At first blush, this would appear to be a simple question. Addressing the defendant's burden of pleading and proof in order to have non-economic damages apportioned against a third party, the Nash court held that the defendant must plead the nonparty's negligence as an affirmative defense "and specifically identify the nonparty." 678 So. 2d at 1264. Although it is not clear, in Thomas v. Daniel, 736 So. 2d 100 (Fla. 1st DCA 1999), the First District apparently ascribed to the quoted phrase the meaning espoused by the estate in this case. In Thomas the plaintiff was a passenger in a truck driven by the defendant. He was injured when the defendant lost control of the truck after striking a large rock in the road. The defendant pleaded a Fabre defense, alleging the responsibility of the nonparties who either deposited the rock in the road or failed to remove it in a timely manner. Citing Nash, the district court affirmed the striking of the defense because the defendant never specifically identified those nonparties. Thus, as interpreted by the estate and the First District, Nash would foreclose the County's Fabre defense because it is unable to identify the driver who struck the stop sign.

The County reads Nash differently. It argues that Nash did not require it literally to plead and prove the name of the nonparty tortfeasor. Rather, it maintains that it satisfied its burden by identifying a specific tortious act by a specific person, albeit a person whose name is unknown. This position may have merit, as indirectly suggested by the supreme court's decision in Merrill Crossings Associates v. McDonald, 705 So. 2d 560 (Fla. 1997). In that case a shopping center patron was shot by an unknown assailant in the center's parking lot. He sued the shopping center and its tenant, alleging they had provided inadequate security. For reasons we will turn to shortly, the supreme court held it was not error to exclude the nonparty assailant from the verdict form. Vis-a-vis the instant question, it is telling that the defendants' inability to furnish the assailant's name was not a basis for the court's decision. If Nash requires a defendant literally to furnish the name of the nonparty tortfeasor, it is curious that this requirement was not mentioned or applied in McDonald. See also Jones v. Budget Rent-A-Car Systems, Inc., 723 So. 2d 401 (Fla. 3d DCA 1999) (identity of nonparty tortfeasor unknown, but case decided on other ground); Hasburgh v. WJA Realty, 697 So. 2d 219 (Fla. 4th DCA 1997) (concluding that record adequately gave notice that apportionment was at issue notwithstanding that identities of nonparty tortfeasors were unknown).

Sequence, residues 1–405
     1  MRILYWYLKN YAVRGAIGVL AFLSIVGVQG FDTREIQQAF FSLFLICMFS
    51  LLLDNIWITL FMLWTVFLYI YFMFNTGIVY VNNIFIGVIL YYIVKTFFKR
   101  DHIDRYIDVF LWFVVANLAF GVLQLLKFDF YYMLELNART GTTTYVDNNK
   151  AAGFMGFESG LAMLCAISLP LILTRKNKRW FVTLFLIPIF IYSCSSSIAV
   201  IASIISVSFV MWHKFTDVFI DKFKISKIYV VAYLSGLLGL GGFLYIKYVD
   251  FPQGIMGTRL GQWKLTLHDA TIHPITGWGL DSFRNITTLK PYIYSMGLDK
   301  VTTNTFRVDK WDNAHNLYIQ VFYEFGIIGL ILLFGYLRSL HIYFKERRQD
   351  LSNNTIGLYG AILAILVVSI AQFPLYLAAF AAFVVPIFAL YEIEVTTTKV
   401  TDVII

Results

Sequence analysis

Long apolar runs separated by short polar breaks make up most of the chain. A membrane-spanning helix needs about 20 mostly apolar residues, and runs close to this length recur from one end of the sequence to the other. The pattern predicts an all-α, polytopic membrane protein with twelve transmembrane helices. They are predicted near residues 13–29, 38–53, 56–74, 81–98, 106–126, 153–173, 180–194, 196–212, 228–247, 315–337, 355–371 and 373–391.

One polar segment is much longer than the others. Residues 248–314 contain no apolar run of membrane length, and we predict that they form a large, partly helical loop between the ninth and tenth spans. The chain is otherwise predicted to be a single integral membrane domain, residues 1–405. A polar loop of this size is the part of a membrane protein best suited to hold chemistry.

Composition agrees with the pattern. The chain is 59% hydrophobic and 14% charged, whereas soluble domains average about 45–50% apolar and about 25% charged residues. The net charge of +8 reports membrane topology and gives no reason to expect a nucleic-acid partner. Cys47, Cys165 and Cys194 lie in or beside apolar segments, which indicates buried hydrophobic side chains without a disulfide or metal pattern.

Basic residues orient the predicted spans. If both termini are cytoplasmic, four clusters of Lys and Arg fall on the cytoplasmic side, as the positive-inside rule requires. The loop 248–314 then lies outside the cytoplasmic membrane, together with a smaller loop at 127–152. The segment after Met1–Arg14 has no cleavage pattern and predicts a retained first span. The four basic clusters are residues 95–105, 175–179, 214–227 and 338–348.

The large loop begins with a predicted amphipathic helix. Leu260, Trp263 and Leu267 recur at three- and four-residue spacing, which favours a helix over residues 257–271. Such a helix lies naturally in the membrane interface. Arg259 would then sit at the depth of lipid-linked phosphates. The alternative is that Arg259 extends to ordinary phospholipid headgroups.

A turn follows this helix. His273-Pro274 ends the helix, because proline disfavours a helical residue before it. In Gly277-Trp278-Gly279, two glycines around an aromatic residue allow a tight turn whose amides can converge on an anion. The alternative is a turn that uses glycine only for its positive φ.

It happens that the circumstances in this case permit us to leave that question for another day. This is because the County's proof on the Fabre issue failed in another respect, although not exactly in the way the estate perceives. The estate points out that the County's evidence of the nonparty's responsibility for the accident did not intimate whether the stop sign was run over negligently, or by design. It argues that a defendant may have its fault apportioned only with that of a negligent tortfeasor, and not with the fault of one who acts intentionally.